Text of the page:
Something Wikipedia has tried this past year is to have a mentorship or “ambassador” program, and involve university students. This was trialled in the Wikimedia Public Policy Initiative at universities in the United States, but we’re looking at what worked well and apply it elsewhere.
We work with a handful of professors and classes at universities, and a campus ambassador is assigned to each. The campus ambassador is supplemented with online ambassadors who can answer questions and guide the new users.
Don’t know if we have numbers yet, but I suspect the mentorship helps the new users avoid having their articles put up for deletion. And if that happens, they have an advocate in the mentors to help out.
I would definitely like to see this idea tried in Africa, with university students and others who are interested in getting involved on Wikipedia.
@Katie Filbert – Do you have information regarding the number of articles that were written or improved within the framework of this program, and in which subjects? Do you know whether articles / changes to articles that were previously rejected became accepted when reintroduced via this program? I think these things should be checked not only in order to evaluate the effectiveness of the program, but also to identify weaknesses in the system of WP. If a good article needs an advocate to protect it against deletion, then something went wrong in the system. If technical problems of format and layout cause deletion of an article otherwise well written, then it means that there is poor collaboration among editors, or, alternatively, that the formats have become too rigid. These questions go beyond the specific subject discussed here, but they are closely related to it.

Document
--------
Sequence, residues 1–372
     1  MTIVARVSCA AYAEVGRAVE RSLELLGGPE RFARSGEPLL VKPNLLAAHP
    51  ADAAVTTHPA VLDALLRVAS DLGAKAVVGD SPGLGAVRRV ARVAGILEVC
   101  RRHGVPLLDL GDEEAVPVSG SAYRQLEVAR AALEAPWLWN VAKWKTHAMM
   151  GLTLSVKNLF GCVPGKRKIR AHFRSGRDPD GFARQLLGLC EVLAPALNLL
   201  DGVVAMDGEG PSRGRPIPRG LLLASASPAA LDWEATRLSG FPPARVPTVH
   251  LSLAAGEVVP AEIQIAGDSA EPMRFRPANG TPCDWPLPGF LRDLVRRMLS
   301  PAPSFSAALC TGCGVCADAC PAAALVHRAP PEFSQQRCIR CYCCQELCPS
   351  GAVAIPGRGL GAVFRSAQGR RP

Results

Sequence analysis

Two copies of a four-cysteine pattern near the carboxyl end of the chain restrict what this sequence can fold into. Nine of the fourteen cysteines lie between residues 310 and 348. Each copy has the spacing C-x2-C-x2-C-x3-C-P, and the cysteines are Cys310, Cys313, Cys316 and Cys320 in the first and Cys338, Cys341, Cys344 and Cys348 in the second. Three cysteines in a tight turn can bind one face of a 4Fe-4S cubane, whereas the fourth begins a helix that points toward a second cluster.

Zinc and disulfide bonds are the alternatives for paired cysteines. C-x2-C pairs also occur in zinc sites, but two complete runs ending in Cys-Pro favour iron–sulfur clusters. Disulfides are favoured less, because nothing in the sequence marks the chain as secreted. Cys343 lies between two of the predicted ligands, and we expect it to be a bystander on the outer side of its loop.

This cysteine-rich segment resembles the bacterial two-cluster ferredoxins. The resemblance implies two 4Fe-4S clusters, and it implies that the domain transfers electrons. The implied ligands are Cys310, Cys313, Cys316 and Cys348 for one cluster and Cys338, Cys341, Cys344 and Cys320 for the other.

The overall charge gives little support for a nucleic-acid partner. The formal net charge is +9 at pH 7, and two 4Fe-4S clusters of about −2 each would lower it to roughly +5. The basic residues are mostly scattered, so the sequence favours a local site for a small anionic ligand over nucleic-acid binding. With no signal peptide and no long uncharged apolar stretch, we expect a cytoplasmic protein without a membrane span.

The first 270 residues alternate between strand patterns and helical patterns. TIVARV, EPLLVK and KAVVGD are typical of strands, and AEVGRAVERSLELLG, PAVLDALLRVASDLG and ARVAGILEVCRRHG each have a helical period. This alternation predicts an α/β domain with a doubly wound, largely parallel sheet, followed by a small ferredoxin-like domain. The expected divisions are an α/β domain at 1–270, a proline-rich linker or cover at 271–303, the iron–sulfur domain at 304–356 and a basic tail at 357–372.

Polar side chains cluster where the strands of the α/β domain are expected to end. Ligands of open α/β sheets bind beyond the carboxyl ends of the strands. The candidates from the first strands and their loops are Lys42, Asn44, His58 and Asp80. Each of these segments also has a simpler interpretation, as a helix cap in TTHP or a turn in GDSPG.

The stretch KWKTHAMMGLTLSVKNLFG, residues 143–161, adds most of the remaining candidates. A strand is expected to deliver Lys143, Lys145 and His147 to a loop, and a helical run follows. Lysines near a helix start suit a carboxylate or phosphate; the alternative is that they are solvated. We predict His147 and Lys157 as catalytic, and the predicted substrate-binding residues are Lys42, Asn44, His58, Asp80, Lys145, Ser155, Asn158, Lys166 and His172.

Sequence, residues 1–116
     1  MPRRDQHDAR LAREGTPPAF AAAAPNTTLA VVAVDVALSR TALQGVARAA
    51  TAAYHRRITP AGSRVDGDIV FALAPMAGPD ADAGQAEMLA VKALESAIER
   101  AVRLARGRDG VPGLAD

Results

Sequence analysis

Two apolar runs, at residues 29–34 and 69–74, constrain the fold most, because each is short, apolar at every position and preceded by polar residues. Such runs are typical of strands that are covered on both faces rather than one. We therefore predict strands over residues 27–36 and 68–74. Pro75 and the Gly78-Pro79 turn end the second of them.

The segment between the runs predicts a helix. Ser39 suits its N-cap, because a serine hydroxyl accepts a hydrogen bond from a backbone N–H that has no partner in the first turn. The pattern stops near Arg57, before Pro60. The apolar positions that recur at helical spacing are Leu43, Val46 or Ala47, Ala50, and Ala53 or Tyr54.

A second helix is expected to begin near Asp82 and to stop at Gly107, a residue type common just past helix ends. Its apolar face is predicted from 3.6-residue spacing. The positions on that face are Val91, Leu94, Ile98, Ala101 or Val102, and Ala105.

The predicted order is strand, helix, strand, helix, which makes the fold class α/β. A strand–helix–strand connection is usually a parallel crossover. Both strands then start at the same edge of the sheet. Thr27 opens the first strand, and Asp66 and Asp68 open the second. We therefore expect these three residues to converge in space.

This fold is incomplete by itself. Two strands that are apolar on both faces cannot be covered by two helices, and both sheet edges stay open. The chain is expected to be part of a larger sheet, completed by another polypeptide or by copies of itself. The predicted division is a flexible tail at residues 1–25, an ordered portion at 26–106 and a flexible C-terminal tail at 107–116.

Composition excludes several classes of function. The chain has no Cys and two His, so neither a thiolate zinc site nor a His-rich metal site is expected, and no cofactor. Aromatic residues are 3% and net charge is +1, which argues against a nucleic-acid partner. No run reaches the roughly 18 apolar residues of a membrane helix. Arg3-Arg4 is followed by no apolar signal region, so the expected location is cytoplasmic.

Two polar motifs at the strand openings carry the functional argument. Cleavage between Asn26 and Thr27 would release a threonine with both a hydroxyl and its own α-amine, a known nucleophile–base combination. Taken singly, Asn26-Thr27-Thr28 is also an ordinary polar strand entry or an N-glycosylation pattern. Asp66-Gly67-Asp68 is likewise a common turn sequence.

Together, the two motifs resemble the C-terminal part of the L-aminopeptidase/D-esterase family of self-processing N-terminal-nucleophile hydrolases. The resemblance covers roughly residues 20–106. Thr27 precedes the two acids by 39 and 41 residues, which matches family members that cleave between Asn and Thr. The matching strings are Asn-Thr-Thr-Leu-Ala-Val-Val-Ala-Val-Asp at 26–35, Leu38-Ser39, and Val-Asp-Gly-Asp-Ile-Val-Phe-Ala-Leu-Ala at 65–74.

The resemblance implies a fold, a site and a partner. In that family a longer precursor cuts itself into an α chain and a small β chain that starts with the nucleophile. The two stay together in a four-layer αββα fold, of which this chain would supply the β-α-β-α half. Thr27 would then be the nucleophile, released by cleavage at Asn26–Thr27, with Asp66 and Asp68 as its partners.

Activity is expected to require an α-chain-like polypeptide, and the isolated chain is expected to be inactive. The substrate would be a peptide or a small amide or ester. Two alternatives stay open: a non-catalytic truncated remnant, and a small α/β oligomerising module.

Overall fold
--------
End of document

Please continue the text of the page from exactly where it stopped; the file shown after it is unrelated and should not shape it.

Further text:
Thanks for your comment @Katie. I think that it sounds like an interesting idea, but it would be good to do research on the ground about what really works in different places. And as @Dror notes, it would be a good idea to team it up with really good analysis of how/whether it is working. Would love to hear more 🙂